But to take this a step further, and as NickM points out above, even if we wore shorts and a t-shirt (or compression gear), we would still be a fringe sport for the simple fact that it’s two men/women rolling around with each other regardless of whether the crotch is revealed or not. I don’t need to stress this since every wrestler at some point has had to defend the sport from sophomoric remarks.

86KG BRONZE: J'den Michael Tbory COX (USA) df. Reineris SALAS PEREZ (CUB) by withdrawal, 3-1

This photo of J’Den Cox will not look as dynamic with a compression top and shorts.

The question is, what are our goals to become mainstream, and do we really need to make an equipment adjustment to get there? Perhaps.

It’s really hard to say what we would need to do to be accepted mainstream. MMA blew past us from a viewership perspective, and the interesting thing is that they wear shorts and no top. Maybe Foley is right, all we need to do is cover the crotch? Then again, they can also knock each other out, and the average fan only needs to know that possible outcome for MMA to be played on every bar (and restaurant) TV on Friday and Saturday night. Our sport is nuanced, it’s hard to officiate, it’s hard to lock in rule sets. There are myriad reasons why we’re still on the fringe, the outfit being the most obvious reason to ridicule us, but that doesn’t mean we should jump to change it for those who are not truly interested in our long-term success.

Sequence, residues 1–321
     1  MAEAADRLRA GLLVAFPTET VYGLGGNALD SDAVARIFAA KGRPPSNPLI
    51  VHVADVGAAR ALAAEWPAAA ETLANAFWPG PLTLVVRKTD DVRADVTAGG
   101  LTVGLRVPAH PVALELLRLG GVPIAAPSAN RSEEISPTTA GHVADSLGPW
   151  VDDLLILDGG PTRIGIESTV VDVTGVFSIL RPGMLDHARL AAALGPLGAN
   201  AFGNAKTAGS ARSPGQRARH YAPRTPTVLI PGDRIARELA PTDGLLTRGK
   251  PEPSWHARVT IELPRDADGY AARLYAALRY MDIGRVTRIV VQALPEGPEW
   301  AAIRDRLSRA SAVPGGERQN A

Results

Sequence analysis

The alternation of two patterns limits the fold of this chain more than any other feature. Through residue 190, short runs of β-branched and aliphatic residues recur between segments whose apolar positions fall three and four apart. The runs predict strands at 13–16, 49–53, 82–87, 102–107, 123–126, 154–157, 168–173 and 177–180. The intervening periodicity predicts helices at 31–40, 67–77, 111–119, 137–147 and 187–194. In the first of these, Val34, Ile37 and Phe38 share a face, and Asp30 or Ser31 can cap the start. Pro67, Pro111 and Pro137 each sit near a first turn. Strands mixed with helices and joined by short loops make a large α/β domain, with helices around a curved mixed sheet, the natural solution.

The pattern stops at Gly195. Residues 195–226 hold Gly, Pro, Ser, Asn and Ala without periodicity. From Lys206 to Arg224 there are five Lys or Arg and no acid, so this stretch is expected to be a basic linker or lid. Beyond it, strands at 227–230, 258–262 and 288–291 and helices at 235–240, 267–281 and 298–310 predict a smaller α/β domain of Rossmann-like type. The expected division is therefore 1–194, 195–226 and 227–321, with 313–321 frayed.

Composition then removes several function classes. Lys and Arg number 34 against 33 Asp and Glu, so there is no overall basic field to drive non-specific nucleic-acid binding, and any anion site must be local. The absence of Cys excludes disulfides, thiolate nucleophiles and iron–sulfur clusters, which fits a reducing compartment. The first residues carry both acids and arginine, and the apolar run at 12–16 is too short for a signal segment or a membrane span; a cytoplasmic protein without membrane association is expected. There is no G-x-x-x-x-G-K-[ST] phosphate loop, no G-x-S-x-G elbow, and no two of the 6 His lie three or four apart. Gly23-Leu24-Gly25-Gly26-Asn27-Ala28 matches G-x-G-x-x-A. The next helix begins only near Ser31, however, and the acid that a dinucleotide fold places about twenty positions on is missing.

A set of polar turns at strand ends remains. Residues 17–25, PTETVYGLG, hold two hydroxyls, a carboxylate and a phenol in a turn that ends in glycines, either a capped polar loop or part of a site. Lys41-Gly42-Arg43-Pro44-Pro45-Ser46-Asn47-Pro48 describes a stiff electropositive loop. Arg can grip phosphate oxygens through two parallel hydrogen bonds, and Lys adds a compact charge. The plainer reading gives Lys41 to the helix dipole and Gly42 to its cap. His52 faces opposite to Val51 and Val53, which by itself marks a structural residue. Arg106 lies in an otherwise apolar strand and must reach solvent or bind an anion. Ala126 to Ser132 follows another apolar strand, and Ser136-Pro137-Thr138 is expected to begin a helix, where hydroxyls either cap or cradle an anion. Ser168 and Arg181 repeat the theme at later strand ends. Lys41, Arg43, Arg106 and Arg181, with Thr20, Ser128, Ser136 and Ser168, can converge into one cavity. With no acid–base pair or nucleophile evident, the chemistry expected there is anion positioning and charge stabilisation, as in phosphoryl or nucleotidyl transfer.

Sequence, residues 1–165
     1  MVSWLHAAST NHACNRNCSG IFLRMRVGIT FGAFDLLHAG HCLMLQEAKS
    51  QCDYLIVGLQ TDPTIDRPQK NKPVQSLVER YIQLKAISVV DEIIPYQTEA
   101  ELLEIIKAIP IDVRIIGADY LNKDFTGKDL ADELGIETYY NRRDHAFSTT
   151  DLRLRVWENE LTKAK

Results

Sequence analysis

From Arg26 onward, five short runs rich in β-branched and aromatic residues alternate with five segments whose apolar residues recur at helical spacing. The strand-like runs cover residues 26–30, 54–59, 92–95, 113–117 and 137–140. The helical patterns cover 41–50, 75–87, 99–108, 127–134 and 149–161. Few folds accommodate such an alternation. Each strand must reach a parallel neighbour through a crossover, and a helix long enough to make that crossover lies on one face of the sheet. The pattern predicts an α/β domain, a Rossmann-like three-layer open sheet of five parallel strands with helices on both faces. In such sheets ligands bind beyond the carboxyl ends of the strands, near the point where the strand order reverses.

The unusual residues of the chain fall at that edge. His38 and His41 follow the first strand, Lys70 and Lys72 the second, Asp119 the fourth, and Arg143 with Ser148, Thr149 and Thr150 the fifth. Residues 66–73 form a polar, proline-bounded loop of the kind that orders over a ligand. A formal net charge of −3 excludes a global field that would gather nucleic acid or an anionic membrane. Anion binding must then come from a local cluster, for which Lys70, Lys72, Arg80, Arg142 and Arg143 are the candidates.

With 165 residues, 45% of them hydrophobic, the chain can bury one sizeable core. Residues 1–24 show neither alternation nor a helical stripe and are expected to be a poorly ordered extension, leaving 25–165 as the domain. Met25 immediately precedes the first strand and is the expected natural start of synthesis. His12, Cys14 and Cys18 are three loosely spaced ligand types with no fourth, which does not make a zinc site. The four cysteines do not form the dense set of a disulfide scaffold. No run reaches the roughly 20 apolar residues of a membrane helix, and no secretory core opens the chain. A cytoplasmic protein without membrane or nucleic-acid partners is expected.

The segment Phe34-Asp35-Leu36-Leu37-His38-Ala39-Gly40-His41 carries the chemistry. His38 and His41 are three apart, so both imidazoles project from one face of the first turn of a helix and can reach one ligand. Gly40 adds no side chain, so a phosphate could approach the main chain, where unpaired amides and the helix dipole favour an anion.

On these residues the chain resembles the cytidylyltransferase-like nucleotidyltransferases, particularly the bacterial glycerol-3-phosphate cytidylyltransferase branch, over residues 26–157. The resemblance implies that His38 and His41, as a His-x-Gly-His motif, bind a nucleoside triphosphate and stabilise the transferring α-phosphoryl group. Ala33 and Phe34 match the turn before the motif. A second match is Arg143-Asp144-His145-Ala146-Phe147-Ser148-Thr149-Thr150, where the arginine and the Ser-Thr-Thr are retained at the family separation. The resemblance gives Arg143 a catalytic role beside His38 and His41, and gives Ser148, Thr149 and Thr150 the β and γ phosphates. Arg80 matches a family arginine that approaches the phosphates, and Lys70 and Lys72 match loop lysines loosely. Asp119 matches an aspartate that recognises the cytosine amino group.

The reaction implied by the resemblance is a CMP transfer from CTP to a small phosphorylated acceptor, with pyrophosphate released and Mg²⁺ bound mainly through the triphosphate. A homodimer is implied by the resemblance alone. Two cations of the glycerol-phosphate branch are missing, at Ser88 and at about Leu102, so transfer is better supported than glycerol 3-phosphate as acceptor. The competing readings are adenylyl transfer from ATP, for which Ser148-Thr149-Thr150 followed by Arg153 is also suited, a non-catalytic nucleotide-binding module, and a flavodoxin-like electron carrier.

All that said I have had a laugh that maybe this issue is only really an “issue” right here in the VERY body-conscious and body-conservative USA. Our country is funny, on one hand sex sells, sexuality is everywhere, yet if the body revealed is not absolutely formed to the standards of perfection, we’re ashamed by it. We’re ashamed if a heavyweight carrying a little extra in the gut. We’re ashamed if we see a wrestler’s bulge, but not so much if it’s our favorite action hero.

From the Times article: “”When you look at basketball and football, whenever they make changes to their uniforms, it’s for the purpose of television,” he said. “We are a visual generation now. Wrestling needs television, and in order for television to accept wrestling, they need to change that look.” So, this is about moms and dads not watching wrestling because we reveal to much skin? And if we put shorts on, the numbers of new, casual fans will skyrocket? Wrestling will finally go mainstream? I’m dubious, but curious.